Legalizing weed means regulation, taxes, unfair competition


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Mother Nature gave us the seed for the weed — and soon it will land in the hands of government regulators, politicians and their lobbyists, giant corporations and Big Pharma.

There are many analysts who believe tough hurdles still exist, that America may not being going to pot as fast as many believe. 

But there’s no question momentum is building, and even is starting to sprout in other countries.

In particular, the business community, across several different sectors, is investing in identifying the opportunities. Cannabis data provider New Frontier Financials, for example, recently unveiled the results of a massive study for potential investors at the Marijuana Investor Summit in Denver.

The factors being studied, according to a New Frontier press release:

Return on Investment: Pricing and profitability in increasingly competitive markets

Products Trends: The growth of edibles and other marijuana-infused products

Business Ecosystem: Opportunities and risks in evolving ancillary markets

Legislation: The impact of differing state regulatory models on the size of the market opportunity

Taxation: The effect of tax policy on consumer demand

Politics & Public Opinion: The widening gulf between federal law and public opinion

Society: Impact of legalization on the community

Sustainability: Improving energy efficiency in cultivation

Science: Developments in research on the medical effects of marijuana.

The playing field on both business and legislative levels is taking shape. Corporate America soon will have a navigational map to maximize profits. With nearly half of the states in America having some type of legalized marijuana on the books, the ground is shaking with marketers, researchers, product developers, entrepreneurs and even state governments salivating over the potential tidal wave of new revenues coming their way.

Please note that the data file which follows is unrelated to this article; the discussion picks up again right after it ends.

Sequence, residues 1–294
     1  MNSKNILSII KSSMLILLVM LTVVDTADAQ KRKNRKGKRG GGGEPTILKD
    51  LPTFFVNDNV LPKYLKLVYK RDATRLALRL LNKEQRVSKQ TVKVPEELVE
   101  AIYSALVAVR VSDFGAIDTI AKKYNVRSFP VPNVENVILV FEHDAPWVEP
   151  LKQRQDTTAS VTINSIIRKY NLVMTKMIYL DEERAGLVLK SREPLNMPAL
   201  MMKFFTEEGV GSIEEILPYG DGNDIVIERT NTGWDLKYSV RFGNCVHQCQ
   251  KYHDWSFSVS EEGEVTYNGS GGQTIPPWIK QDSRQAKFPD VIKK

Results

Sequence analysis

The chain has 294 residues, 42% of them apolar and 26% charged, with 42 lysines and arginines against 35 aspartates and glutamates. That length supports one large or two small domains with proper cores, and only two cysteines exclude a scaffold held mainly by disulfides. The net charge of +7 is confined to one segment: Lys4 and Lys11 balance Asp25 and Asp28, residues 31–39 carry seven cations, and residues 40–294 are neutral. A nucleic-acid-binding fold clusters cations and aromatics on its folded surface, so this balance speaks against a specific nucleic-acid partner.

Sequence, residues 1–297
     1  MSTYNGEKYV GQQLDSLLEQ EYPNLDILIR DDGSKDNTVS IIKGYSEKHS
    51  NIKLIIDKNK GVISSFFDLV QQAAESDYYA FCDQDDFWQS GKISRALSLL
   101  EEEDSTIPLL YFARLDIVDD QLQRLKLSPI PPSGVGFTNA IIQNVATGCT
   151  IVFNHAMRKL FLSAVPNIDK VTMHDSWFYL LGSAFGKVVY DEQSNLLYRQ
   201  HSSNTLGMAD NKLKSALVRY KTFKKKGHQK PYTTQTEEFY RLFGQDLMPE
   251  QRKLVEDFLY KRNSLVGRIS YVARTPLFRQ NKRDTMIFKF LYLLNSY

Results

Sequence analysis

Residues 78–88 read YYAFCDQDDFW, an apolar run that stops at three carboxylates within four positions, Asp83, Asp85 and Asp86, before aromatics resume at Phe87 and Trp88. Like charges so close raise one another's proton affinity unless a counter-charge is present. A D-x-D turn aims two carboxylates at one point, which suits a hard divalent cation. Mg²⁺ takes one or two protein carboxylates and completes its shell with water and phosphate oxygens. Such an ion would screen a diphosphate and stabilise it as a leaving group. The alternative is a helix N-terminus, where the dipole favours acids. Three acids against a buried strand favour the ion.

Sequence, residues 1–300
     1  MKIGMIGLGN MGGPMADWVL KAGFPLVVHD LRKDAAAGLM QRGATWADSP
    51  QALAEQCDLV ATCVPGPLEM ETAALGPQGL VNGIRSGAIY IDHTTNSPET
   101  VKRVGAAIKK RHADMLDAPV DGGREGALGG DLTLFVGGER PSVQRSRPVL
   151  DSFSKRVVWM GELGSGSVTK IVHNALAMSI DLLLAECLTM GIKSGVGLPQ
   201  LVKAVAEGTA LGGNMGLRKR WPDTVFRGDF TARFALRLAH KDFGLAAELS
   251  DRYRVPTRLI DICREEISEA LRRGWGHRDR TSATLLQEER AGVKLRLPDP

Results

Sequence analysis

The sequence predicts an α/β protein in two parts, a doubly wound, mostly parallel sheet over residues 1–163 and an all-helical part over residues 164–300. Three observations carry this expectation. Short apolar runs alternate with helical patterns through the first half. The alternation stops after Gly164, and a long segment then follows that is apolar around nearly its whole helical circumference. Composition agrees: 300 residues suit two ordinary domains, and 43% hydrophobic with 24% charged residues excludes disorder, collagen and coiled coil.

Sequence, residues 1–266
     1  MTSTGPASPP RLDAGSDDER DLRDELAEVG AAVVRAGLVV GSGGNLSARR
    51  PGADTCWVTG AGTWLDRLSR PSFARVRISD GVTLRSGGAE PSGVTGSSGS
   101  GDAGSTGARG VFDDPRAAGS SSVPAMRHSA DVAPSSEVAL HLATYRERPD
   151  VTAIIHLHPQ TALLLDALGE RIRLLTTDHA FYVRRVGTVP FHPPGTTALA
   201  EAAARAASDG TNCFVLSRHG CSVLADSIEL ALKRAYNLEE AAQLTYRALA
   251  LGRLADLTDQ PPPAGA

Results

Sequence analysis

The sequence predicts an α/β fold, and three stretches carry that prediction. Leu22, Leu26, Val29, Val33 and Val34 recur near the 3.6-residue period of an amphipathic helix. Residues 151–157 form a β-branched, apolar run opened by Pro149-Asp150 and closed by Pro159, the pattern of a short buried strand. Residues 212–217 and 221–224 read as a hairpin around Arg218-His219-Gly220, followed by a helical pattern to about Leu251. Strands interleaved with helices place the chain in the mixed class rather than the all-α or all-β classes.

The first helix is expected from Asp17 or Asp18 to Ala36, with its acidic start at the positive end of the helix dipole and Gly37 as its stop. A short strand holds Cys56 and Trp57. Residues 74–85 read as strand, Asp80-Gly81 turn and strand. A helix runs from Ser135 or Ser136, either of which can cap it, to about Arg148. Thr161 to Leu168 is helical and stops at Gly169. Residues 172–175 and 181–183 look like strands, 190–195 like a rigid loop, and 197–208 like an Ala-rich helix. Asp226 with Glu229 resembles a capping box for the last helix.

The line between decriminalizing or legalizing marijuana is a line between reversing the catastrophic failures of the War on Drugs or creating an industry that furthers government’s regulatory powers and positions corporate America to do what it does best — package, process, homogenize and control the production and distribution of marijuana.

While marijuana is still illegal in the eyes of the federal government, the pressure from state governments and related industries’ lobbyists will grow and grow more powerful.

Even on the state level, the tax-and-regulate momentum will build quickly, forming strong alliances with corporate America.

What magnificent irony.

No way to end the war on drugs

What did the War on Drugs bring us since it intensified under former President Richard Nixon? For beginners, it costs $51 billion annually. It fueled America’s rise as the country with the world’s highest incarceration rate. It drove public-money costs through the roof to house those “prisoners” and, in the process, destroyed thousands of lives by tagging “felon” on the backs of joint smokers. In 2013 alone, more than 600,000 pot-related arrests were made.

The list of other detrimental financial and human costs of the War on Drugs could fill a book, but the irony is clear: In short order, the government will shift 360 degrees from an all-out war against drugs, including marijuana, to create laws that control them and benefit politicians and corporate America.

 

As we forecast a year ago: “… big money is coming into the game. And that means politicians will be easily brought on board and eager to push pro-pot agendas… How ironic, too, is this development? After decades of ruining millions of lives with oppressive pot laws that disproportionately punished users and sellers, smoking pot is now becoming legal and accepted.” 

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